Across the nation and locally hospitals and nursing schools are coming together and creating innovative models to directly deal with the nationwide nursing shortage. Hospitals are devising plans to ensure they have a stream of recruits each year, and working to retain the nurses they have. They have begun offering nurse’s flexible hours, shift differentials and additional educational opportunities.
In the state of Connecticut the number of nursing program graduates statewide has jumped in the past few years, fueled by a projected shortage of nurses and an increased demand, health and education officials said. A report released last week by the state Department of Higher Education showed a 25 percent increase in the number of students earning nursing degrees last year. The increasing trend in nursing school enrollments has lead more students to seek-out and earn their nursing degree online as traditional classroom environments are at capacity.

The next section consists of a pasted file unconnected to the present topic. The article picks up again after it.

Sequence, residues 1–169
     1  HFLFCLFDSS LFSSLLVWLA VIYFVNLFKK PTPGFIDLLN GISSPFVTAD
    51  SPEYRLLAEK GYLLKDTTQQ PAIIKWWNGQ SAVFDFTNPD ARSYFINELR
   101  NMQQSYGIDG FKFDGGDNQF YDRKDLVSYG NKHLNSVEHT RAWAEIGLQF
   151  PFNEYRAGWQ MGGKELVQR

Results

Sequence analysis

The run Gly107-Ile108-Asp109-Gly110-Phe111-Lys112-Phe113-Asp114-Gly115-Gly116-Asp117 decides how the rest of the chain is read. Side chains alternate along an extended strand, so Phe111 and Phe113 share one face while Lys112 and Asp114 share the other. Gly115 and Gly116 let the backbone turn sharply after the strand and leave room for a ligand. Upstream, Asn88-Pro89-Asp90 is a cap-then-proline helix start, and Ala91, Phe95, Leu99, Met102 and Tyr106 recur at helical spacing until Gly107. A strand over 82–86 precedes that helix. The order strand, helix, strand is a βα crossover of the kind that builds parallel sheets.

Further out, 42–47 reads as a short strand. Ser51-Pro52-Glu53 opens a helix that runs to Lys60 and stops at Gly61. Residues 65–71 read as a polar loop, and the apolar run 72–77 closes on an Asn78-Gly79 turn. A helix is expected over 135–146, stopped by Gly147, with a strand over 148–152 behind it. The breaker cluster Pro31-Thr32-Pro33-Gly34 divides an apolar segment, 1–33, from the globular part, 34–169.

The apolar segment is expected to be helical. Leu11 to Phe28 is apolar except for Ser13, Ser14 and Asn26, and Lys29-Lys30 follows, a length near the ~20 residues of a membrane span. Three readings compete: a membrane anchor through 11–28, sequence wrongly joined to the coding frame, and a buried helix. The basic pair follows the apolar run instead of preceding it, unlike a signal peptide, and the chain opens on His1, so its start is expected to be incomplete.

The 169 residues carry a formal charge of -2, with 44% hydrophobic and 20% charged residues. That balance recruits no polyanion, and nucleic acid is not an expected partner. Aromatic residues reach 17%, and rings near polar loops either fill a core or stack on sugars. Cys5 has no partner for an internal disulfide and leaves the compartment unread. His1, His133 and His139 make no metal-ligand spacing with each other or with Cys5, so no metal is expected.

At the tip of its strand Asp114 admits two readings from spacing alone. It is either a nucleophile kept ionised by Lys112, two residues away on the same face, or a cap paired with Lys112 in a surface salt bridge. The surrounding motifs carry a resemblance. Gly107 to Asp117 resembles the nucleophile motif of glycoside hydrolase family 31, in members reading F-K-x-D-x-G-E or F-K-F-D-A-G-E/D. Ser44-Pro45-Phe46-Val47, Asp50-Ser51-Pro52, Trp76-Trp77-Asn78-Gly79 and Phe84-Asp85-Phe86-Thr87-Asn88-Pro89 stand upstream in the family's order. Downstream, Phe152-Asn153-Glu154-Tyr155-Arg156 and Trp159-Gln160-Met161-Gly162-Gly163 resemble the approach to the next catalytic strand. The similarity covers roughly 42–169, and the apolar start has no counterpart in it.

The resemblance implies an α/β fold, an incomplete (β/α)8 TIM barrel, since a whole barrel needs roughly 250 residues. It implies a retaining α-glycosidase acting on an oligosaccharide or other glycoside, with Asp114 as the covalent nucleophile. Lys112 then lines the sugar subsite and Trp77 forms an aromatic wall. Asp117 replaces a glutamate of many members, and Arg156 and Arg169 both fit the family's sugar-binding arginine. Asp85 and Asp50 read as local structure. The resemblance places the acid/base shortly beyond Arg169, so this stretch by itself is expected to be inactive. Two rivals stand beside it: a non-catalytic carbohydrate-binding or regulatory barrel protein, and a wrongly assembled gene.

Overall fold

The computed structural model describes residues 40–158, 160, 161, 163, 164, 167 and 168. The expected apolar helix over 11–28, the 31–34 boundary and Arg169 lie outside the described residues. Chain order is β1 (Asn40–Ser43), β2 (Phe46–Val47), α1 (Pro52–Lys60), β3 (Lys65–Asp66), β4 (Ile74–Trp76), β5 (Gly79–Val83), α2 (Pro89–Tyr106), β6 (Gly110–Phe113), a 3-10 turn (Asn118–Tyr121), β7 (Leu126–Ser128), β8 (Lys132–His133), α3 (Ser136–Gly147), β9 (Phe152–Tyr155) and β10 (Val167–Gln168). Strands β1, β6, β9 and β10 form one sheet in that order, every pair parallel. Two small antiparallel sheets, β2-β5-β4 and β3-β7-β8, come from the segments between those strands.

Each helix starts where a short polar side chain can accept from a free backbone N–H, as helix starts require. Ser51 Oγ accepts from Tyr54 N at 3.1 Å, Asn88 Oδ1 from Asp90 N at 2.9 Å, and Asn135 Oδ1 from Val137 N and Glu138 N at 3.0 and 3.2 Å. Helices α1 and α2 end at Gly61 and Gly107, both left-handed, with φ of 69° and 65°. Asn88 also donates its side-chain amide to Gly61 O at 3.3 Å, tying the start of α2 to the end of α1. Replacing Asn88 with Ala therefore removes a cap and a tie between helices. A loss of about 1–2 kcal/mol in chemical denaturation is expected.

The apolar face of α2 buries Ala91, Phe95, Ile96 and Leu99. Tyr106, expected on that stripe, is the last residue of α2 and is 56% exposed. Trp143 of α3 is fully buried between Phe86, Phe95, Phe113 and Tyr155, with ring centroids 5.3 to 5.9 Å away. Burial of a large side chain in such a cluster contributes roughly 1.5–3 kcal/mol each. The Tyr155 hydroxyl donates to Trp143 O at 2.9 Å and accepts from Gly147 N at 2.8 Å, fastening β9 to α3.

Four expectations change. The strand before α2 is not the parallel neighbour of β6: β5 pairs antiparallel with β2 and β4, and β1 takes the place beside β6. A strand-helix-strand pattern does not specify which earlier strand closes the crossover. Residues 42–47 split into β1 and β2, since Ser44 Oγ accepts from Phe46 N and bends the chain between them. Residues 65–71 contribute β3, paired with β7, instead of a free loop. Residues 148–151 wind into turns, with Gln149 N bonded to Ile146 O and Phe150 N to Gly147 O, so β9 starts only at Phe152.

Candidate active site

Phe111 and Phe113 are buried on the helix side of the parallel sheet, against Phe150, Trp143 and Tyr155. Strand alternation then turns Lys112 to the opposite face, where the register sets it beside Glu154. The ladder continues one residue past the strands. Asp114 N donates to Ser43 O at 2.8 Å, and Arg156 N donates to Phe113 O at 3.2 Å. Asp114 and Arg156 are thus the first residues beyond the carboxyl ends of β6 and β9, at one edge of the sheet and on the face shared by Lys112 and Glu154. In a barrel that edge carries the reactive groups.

However, despite the spike in students, the 1,076 nursing degrees conferred is short of the 1,081 nursing job openings projected by the state Department of Labor this year. And it will get worse, health officials said. Many nurses who are part of the baby-boomer generation are set to retire soon. By 2012, the state will be short about 6,000 registered nurses, according to labor department projections.